Featured Research

from universities, journals, and other organizations

Teens interested in healthy minds -- and ripped bodies

Date:
September 10, 2013
Source:
Concordia University
Summary:
In a recent study on adolescent perceptions surrounding physical activity, research has found that teens are just as aware of the mental benefits of exercise -- such as increased confidence, self-esteem and autonomy -- as they are of physical benefits.

Dreams of washboard abs and toned arms may seem to be the main motivation for the average teen to lace up their running shoes. But over 1,000 Montreal high school students disagree. Teens, it seems, are smarter than their parents when it comes to approaching exercise as something that affects one's whole body.

Related Articles


In a recent study on adolescent perceptions surrounding physical activity, James Gavin, professor in Concordia University's Department of Applied Human Sciences, found that teens are just as aware of the mental benefits of exercise -- such as increased confidence, self-esteem and autonomy -- as they are of physical benefits.

"We're looking at a generation that has grown up with parents who have yo-yo'd around exercise, talked incessantly about what they should do and what they haven't been doing. These adolescents are savvy about the lingo of exercise, seeing it as part of a lifestyle whereas a generation ago there might have been less of a pervasive awareness," says Gavin.

Prompted in part by current statistics that show most teens are not getting enough exercise, Gavin and his colleagues surveyed students from both public and private schools in Montreal. The researchers gauged teens' perceptions of physical activity by interviewing participants in small groups and asking them to discuss questions such as what they thought people got out of exercise, and how they thought physical activity affected overall mood, actions, and personality.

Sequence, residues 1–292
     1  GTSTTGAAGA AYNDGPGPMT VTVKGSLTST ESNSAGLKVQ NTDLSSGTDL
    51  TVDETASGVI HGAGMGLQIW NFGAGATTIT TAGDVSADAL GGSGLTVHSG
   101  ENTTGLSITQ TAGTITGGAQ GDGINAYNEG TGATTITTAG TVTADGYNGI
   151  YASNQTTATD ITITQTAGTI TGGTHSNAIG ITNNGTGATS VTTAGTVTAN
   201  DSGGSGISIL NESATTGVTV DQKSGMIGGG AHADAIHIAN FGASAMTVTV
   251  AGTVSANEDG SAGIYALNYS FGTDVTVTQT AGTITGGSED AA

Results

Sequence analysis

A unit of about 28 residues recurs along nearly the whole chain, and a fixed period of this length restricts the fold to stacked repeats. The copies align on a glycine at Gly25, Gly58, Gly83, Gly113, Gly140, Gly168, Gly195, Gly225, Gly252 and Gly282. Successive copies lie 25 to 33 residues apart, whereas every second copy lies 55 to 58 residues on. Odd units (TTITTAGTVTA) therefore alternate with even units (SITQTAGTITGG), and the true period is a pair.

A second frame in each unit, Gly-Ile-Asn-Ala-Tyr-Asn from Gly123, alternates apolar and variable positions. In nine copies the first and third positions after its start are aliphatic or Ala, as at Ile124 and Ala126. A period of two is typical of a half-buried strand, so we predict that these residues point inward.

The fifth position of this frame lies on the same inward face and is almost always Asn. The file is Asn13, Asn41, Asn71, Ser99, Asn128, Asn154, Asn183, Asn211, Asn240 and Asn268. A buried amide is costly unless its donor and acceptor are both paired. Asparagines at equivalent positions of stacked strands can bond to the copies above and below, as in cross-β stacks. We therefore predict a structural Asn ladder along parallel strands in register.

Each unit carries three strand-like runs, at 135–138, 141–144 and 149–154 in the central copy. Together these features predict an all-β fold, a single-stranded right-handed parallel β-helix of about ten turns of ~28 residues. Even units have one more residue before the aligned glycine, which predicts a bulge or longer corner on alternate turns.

Although teens did comment on physical benefits of exercise like flexibility and endurance, they also perceived elements like leadership and team skills development, positive emotional impact, and character development to be just as beneficial. The study also found that these responses were equally common among boys and girls.

Gavin, who is also Director of the Centre for Human Relations and Community Studies at Concordia, says he was surprised to find that the teens were so aware of the personal growth benefits associated with physical activity. He feels that the news about the teens' sophisticated understanding of physical activities should be a wakeup call to those who market exercise based solely on looks. "It's a hugely important finding because the marketing of exercise to both adolescents and adults has been largely around how it makes you look better, helps you lose weight," he says.

Also interesting was teens' advice when asked what suggestions they would have for their physical education instructors. "The predominant response was 'we need more variety, choice, and flexibility,'" says Gavin, adding that many said they were on the lookout for new ways to interest themselves in physical activity. "If physical education in the school system looks like running around a gym and doing calisthenics, or playing certain games they've been playing since grade school, then it may not have the appeal or impact they are looking for," says Gavin.


Story Source: